In addition, both the Medicare supplier and doctor must accept the Medicare assignment. 

Does Medicare Advantage Cover Lift Chairs?

Medicare Advantage plans consist of both Medicare Part A and Medicare Part B bundled into one health plan. Therefore, it will cover lift chairs in the same way as Original Medicare, meaning as durable medical equipment under Medicare Part B. 

That said, MA plans also often include additional benefits as part of their plans.

Do Medicare Prescription Drug Plans (Medicare Part D) Cover Lift Chairs?

Medicare part D helps patients cover the costs of their prescription drugs. Part D plans do not help to cover the cost of DME such as lift chairs; Part B is what aids patients in covering costs for DME. However, cost coverage and benefits vary greatly from plan-to-plan so be sure to contact your insurance company to ensure what your Part D plan covers before making any payment decisions.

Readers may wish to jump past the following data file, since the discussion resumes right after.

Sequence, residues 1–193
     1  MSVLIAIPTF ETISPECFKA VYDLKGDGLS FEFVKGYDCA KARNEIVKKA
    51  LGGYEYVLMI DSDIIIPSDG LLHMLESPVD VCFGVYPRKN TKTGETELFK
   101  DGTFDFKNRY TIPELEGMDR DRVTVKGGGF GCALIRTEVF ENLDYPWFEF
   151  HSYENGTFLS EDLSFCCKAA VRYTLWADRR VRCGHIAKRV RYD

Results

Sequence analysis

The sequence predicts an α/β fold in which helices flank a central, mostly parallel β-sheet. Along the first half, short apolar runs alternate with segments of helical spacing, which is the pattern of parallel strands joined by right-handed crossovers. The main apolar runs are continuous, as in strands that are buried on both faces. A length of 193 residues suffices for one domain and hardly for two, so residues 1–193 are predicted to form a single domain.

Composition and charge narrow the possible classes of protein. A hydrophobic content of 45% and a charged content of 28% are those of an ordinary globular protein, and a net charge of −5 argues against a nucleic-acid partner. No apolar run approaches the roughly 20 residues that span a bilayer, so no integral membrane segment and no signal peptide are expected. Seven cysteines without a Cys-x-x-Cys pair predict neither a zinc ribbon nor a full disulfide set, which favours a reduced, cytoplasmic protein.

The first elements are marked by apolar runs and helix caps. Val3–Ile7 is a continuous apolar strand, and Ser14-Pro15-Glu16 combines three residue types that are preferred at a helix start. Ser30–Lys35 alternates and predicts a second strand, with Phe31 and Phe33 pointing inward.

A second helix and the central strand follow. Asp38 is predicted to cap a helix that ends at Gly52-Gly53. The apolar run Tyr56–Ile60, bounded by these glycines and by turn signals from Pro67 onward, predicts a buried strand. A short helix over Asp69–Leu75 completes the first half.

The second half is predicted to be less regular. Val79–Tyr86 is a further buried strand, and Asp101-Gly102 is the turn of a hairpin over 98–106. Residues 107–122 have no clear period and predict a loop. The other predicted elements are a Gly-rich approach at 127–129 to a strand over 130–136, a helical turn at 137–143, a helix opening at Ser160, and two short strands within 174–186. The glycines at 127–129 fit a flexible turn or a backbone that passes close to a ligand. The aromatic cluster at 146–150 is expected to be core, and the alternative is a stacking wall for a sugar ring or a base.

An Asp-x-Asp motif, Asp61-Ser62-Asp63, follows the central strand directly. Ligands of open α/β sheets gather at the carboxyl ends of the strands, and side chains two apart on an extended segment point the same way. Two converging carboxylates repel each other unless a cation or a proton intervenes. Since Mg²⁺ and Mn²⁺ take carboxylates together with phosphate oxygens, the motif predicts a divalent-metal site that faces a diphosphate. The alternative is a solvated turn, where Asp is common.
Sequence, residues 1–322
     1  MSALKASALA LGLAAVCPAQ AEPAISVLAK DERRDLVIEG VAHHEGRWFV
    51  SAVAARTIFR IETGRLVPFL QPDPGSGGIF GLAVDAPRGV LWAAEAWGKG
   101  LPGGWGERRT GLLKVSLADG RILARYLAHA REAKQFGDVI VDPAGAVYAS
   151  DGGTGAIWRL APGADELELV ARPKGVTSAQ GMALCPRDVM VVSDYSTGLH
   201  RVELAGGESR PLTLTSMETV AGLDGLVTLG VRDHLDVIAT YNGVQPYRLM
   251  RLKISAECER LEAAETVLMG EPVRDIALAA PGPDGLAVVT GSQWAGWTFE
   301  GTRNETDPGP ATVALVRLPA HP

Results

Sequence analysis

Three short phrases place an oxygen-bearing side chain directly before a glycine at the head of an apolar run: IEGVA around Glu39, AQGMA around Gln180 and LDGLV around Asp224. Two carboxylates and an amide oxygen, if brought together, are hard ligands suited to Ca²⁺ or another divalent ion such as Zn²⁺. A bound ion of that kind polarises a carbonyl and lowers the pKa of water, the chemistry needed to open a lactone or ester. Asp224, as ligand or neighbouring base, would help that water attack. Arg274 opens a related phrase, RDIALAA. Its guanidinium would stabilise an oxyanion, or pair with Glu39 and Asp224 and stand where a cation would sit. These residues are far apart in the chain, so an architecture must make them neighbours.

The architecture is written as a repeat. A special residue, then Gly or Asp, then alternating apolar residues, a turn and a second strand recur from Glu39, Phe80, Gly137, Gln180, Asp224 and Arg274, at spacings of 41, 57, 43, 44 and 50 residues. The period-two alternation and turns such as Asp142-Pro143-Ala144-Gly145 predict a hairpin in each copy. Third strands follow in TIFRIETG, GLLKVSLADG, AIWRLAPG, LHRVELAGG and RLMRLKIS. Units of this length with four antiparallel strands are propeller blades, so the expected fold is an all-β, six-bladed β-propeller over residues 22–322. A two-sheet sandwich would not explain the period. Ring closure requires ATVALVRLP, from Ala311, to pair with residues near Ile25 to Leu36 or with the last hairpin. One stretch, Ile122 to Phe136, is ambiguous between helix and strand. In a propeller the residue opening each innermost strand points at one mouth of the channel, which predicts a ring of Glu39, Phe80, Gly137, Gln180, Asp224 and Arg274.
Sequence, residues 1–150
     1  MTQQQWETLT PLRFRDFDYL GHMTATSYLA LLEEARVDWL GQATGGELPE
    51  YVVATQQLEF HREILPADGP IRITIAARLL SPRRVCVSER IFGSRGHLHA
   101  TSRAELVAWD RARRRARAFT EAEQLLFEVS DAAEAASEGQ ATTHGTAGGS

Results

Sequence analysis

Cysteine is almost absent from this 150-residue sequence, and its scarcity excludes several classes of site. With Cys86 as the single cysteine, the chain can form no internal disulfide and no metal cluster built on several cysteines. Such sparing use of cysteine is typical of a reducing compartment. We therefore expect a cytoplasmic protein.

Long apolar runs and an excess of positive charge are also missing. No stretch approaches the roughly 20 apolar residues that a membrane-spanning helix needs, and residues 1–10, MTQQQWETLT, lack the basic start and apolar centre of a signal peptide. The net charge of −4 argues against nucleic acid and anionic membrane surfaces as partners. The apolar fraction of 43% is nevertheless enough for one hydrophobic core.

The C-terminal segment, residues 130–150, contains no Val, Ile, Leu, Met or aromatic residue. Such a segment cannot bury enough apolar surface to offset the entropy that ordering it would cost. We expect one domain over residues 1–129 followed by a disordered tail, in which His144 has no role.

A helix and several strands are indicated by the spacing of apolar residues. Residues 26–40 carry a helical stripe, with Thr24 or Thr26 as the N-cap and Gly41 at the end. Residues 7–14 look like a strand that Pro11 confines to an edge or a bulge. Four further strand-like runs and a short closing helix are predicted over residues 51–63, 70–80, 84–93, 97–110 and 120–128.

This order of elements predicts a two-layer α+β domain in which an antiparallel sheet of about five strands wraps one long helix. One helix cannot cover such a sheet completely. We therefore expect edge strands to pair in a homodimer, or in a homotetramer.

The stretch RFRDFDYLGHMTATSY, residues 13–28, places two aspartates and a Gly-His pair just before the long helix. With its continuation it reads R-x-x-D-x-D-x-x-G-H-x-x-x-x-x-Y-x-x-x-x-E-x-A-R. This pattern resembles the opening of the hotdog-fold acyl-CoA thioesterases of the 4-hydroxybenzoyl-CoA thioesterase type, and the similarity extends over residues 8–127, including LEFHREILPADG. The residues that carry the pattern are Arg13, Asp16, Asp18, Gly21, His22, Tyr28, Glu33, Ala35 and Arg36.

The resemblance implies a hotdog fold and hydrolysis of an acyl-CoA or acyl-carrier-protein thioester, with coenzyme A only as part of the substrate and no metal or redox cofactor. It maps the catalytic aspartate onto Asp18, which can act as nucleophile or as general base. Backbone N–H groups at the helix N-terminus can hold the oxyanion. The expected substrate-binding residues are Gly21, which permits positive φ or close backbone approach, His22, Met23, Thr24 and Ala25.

Do Medigap Plans Help Pay For A Lift Chair?

Medicare supplement insurance, also known as Medigap or MedSupp, are supplemental Medicare plans that help fill in the gaps” of Original Medicare. A Medigap plan may assist Medicare beneficiaries to pay the out-of-pocket cost portion of lift chairs.

Medigap policies are sold by private insurance companies and help pay some out-of-pocket costs such as deductibles, coinsurance, and copays. This may include the Medicare Part B deductible, which, in turn, would cover DME, including a lift chair’s motorized lifting mechanism. 

This will help lower a lift chair’s costs all-around since other financial obligations are being met, leaving more financial wiggle room for Medicare beneficiaries to cover the remaining part of the chair such as the chair itself, and accessories such as cushions.


What diagnosis would deem a lift chair “medically necessary”?

There are a range of issues that might cause a doctor to deem a lift chair medically necessary. Common conditions include neuromuscular disease and severe arthritis in the hip or knee. Ultimately, it’s the doctor’s decision if a lift chair is medically required or not.